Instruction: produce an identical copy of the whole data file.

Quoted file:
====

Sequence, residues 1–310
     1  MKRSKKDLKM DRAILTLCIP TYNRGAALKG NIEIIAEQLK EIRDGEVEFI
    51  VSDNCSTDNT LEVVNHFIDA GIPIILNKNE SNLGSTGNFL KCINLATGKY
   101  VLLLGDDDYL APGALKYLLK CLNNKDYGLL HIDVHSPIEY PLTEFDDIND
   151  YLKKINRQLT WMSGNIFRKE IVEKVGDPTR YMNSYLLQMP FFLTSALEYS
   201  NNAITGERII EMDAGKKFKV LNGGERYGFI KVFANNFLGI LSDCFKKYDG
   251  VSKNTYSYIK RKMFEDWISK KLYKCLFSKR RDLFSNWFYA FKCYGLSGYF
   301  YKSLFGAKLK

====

Sequence, residues 1–310
     1  MKRSKKDLKM DRAILTLCIP TYNRGAALKG NIEIIAEQLK EIRDGEVEFI
    51  VSDNCSTDNT LEVVNHFIDA GIPIILNKNE SNLGSTGNFL KCINLATGKY
   101  VLLLGDDDYL APGALKYLLK CLNNKDYGLL HIDVHSPIEY PLTEFDDIND
   151  YLKKINRQLT WMSGNIFRKE IVEKVGDPTR YMNSYLLQMP FFLTSALEYS
   201  NNAITGERII EMDAGKKFKV LNGGERYGFI KVFANNFLGI LSDCFKKYDG
   251  VSKNTYSYIK RKMFEDWISK KLYKCLFSKR RDLFSNWFYA FKCYGLSGYF
   301  YKSLFGAKLK